Coronations and the Royal Archives

Archive document showing procession


Housed in the Round Tower at Windsor Castle, the Royal Archives are a collection of documents relating to the history of the British Monarchy over the last 250 years. The Royal Archives preserves the personal and official correspondence of Monarchs from George III (1760-1820) onwards, as well as administrative records of the departments of the Royal Household.

The Round Tower at Windsor Castle

From diaries and personal letters to account books and speeches, the collections held by the Royal Archives record and reflect some of the most significant moments in British history and provide a fascinating insight into the life and work of past monarchs, their families, households and residences.

As we approach the Coronation of The King and The Queen Consort, the Royal Archives have shared some of their documents relating to Coronations throughout history. 

King George III and Queen Charlotte

King George III acceded to the throne upon the death of his grandfather King George II on 25 October 1760. He married Princess Charlotte of Mecklenburg-Strelitz in the Chapel Royal, St James’s Palace, on 8 September 1761, having met each other for the first time on their wedding day.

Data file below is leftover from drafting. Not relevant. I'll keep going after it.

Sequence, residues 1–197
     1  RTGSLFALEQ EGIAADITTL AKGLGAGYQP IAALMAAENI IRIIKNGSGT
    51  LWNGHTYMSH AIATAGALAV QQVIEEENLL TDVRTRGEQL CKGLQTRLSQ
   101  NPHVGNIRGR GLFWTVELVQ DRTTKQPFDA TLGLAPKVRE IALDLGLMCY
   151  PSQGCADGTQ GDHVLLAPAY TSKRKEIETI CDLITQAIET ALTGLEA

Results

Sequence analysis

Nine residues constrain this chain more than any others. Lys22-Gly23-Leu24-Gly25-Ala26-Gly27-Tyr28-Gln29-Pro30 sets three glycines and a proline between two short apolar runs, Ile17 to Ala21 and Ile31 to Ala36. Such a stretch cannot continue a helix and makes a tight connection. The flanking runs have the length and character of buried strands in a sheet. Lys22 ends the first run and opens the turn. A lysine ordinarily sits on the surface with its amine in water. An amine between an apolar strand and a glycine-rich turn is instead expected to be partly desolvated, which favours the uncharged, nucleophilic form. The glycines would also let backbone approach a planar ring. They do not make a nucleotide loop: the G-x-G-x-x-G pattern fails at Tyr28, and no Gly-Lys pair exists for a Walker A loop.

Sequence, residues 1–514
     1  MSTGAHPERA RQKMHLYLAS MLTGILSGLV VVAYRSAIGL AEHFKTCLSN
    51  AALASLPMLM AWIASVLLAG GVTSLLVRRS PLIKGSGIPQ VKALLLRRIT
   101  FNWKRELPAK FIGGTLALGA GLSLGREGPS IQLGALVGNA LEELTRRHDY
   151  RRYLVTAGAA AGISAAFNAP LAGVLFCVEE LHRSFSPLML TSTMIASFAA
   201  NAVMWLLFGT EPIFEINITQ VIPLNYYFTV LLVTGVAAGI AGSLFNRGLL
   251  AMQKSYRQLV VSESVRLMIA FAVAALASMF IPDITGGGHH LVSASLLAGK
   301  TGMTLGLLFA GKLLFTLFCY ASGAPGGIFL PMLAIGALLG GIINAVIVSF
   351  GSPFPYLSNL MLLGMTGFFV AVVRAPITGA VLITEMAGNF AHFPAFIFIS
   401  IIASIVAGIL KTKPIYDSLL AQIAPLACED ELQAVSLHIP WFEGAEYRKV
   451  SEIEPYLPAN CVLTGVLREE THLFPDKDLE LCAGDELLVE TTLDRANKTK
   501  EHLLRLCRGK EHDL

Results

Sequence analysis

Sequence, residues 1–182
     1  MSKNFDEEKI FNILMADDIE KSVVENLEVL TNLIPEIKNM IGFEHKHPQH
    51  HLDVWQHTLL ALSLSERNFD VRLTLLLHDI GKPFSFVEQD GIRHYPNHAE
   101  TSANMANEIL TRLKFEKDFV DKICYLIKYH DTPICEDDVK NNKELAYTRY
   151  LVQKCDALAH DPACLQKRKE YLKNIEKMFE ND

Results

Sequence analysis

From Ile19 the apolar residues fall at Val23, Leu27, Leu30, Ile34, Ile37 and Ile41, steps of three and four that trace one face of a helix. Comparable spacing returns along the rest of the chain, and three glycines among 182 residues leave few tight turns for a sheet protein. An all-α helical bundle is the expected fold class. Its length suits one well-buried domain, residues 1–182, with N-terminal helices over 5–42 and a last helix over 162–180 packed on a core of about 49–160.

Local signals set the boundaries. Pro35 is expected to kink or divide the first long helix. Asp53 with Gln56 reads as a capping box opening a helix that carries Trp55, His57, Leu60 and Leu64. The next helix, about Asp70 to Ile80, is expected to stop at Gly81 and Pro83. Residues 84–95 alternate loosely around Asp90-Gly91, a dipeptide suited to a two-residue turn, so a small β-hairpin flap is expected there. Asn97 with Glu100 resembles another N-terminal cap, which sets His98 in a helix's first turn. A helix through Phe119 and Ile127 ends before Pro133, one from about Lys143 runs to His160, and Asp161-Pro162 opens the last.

Formal portraits of King George III and Queen Charlotte

King George III acceded to the throne upon the death of his grandfather King George II on 25 October 1760. He married Princess Charlotte of Mecklenburg-Strelitz in the Chapel Royal, St James’s Palace, on 8 September 1761, having met each other for the first time on their wedding day.

Admission ticket for the Upper Gallery of Westminster Abbey for the Coronation of King George III and Queen Charlotte

Admission ticket for the Upper Gallery of Westminster Abbey for the Coronation of King George III and Queen Charlotte on 22 September 1761.